The Education Authority has already submitted plans for additional classroom accommodation for Craigavon Senior High School – just a week after making a development proposal to operate from a single site.
The Authority’s plan is to close the Lurgan school and exist on a single site.
And in that regard, it is once again proposing that the school will operate from the sole location at 26-34 Lurgan Road, Portadown.
It is a move which would – if the development proposal is approved – take effect from September 1, 2022, or “as soon as possible thereafter”.
The proposal is now open to public consultation which would require to be considered before a final decision is made.
However, Armagh I can reveal that the Education Authority has already lodged a planning application for two modular classroom units, complete with toilet provision, to help accommodate additional numbers when pupils would transfer when the Lurgan school closes.
It is a development which would cost, according to Construction Information Services, in the region of £200,000.
They will be sited on “an existing shale pitch”.
Meanwhile, according to the planning application, extra car parking spaces will be located on “an existing grass area”.
The new classroom accommodation would represent close to 11,000 sq ft of floorspace.
And according to the planning submission will see an increase in teaching staff on site.
In relation to the proposal to operate from a single site, the Education Authority undertook pre-publication consultation in 2019 and re-run pre-publication consultation this year.
It received 1,338 responses, with 140 submitted on the 2021 re-run.
The Education Authority says it received “support for the proposal” with the emerging themes requesting that, in taking forward the single site proposal, it considers: provision of a dedicated and free transport service from Lurgan to Portadown; the long-term strategic plan for Craigavon SHS in the provision of a new build school in a neutral/central location; support for Craigavon SHS in improving educational standards for all pupils; that Craigavon SHS ensures inclusion of both communities, Lurgan and Portadown; and, finally, that accommodation is provided to meet the needs of Craigavon SHS in the provision of modular classroom units.
According to the Education Authority’s ‘case for change’ document, the “majority of the responses” received indicated support for an 11–16 Lurgan Junior HS.
But it adds: “While there are detailed statements in support of this option it would still be the opinion of the Education Authority that, in considering this option, this could be seen as ‘through stealth’ the Education Authority is undermining the Dickson Plan as this would provide an inequality within the Junior High Schools and the pathways for pupils within the other Junior High Schools could be detrimentally affected by this option.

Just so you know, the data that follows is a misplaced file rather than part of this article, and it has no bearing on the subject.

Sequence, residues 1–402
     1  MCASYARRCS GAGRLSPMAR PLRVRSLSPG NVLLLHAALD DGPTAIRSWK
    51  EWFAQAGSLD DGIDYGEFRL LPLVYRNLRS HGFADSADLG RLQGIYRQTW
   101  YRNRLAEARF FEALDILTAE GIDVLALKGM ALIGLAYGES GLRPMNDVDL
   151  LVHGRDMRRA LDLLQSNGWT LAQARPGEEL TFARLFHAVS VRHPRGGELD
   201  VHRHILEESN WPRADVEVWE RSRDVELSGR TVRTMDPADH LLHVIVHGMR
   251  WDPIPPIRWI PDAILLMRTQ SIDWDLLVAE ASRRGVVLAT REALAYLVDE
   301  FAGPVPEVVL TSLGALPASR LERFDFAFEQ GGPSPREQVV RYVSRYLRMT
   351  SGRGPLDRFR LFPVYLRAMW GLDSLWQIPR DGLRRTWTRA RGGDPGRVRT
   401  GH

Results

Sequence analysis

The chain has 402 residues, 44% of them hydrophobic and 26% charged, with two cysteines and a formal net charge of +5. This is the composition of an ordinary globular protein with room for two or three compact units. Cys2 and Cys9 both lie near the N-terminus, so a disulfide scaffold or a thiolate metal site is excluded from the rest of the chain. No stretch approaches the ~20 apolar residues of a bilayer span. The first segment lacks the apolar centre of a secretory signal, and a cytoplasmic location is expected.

“From the responses there was an argument that this option was still in keeping with the Dickson Plan, as pupils being accepted to the grammar school would transfer at 14, with those not going to grammar remaining at Lurgan Junior HS.
“Conversely to this, some respondents indicated that for pupils to transfer at 14 that this was detrimental to pupils’ education, as transfer at 14 resulted in pupils having to settle into a new school and teachers.
“However, within the option as Lurgan Junior HS is an 11-16 school, this would not apply to all pupils, only those not transferring at 14 to grammar education.
“An option raised by a small number of responses was for two all ability schools, one in Lurgan and one in Portadown. This option would be a move away from the Dickson Plan.
“Throughout all of the responses received, both for and against, there was support for the Dickson Plan.
“Transport was also a common issue for both those for and against. Those not in favour of the proposal raised concerns about the impact of travel times on homework, after school activities and impact on local sporting/social activities.
“In all of the pre-publication consultation, it was acknowledged by the Education Authority that the current transport network would have to be reviewed, extended and routes provided. Entitlement to transport is not a cost to the parents, rather to the Education Authority.”
The ‘case for change’ describes the single site proposal as a “medium term strategic approach” for Craigavon SHS.
And it adds: “The longer term strategic approach is for major capital investment for Craigavon SHS as a single campus school. The Education Authority will bid for major capital funding for Craigavon SHS in the next application for Strategic Priorities for Investment.”
Longer term is anticipates to be between five and 10 years.
The statutory period for the public to voice their objections to the single site plan is currently open and will run until June.
It would be expected that the Education Minister will make a final decision in September.
But ahead of that, the Education Authority is pressing ahead with its plans for extra classrooms which would facilitate the closure of the Lurgan school.
And those plans for classroom accommodation are expected to be publicly advertised this week.
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